Tendons are the body's marionette strings, connecting bones to muscles that raise an eyebrow or propel us into a full run.
That is, until an unusually forceful or awkward pull on the strings leaves us with a sprain, strain or tear. Surgeons attempt to repair over 300,000 of these injuries every year, and doctors visits for sore tendons run into the millions.
Using a combination of nanoscience and biomedical and civil engineering to explore tendon structure from atoms on up, researchers have unraveled part of the mystery behind why we have problems with our tendons.
A new study led by scientists at Case Western Reserve University examines single threads of these essential connectors and found the weakest links potential targets for imaging techniques to detect problems before a tendon fails and for drugs to increase flexibility and heal damage. Their work is published in the September issue of Biophysical Journal.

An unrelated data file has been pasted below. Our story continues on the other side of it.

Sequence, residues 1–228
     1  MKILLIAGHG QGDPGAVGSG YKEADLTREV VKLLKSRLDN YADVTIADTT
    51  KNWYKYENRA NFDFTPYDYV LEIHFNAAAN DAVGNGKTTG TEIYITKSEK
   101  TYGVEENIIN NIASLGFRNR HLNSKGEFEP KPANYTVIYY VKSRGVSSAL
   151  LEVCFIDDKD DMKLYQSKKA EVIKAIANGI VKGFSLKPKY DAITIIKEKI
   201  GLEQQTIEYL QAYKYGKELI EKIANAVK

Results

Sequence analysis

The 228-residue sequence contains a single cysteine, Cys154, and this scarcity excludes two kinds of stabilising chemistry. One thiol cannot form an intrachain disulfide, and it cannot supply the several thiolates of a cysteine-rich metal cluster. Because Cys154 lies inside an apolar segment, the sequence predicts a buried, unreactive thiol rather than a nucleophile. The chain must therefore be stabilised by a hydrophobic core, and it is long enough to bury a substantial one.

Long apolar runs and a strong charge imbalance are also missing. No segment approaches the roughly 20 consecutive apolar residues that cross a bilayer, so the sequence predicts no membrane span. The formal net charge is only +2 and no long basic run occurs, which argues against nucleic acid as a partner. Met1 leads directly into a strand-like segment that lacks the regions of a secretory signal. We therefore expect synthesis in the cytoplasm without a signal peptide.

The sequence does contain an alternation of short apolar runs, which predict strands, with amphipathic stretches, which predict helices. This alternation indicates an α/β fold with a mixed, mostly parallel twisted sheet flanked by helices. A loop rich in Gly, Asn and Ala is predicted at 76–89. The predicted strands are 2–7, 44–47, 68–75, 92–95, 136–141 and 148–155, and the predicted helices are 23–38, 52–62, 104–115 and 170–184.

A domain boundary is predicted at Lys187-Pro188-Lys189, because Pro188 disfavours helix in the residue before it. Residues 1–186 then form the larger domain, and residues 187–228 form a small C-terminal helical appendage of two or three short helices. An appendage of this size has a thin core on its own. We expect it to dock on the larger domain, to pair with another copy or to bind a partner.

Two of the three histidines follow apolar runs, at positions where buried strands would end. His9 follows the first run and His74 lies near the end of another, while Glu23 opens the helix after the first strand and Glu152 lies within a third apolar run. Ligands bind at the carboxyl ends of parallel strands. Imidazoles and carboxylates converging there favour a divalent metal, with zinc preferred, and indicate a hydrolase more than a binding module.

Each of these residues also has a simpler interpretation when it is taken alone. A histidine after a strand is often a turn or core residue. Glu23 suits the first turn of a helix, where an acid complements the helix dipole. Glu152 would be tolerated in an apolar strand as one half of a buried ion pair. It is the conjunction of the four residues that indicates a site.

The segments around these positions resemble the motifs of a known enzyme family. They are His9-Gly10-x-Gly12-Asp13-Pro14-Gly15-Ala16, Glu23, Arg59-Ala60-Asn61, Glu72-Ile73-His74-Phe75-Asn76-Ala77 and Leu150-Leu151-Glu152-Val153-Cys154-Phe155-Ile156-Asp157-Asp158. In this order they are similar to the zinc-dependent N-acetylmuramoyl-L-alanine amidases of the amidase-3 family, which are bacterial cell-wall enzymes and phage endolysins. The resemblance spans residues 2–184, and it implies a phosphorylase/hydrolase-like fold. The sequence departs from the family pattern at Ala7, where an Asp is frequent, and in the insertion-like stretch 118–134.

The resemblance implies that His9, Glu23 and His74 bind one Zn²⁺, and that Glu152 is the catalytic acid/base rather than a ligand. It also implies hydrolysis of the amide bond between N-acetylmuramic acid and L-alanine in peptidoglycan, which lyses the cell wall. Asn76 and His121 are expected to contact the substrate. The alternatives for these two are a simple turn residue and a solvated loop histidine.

The threads are fibrils of collagen, a tougher form of the soft tissue implanted in models' pouty lips.
"The fibrils are about five times stronger and can strain about five times farther than a tendon," said Steven Eppell, a professor of biomedical engineering and senior author of the study.
"About 80 to 90 percent of a tendon is collagen but mechanical properties like strength are probably controlled by the other stuff."
The other stuff is a cement that holds the bundles of fibrils together; it's made of molecules called proteoglycans. This cement or the interface between collagen fibrils and proteoglycans, is most likely the weakest link in the system, the researchers say.
The scientists suspected that's the case but direct testing of cement, which is more complex and less available than fibrils, was difficult. So, they decided to test the strength of just the collagen fibrils and then compare this with the strength of whole tendons.
To test the tensile stren
|Contact: Kevin Mayhood|
Case Western Reserve University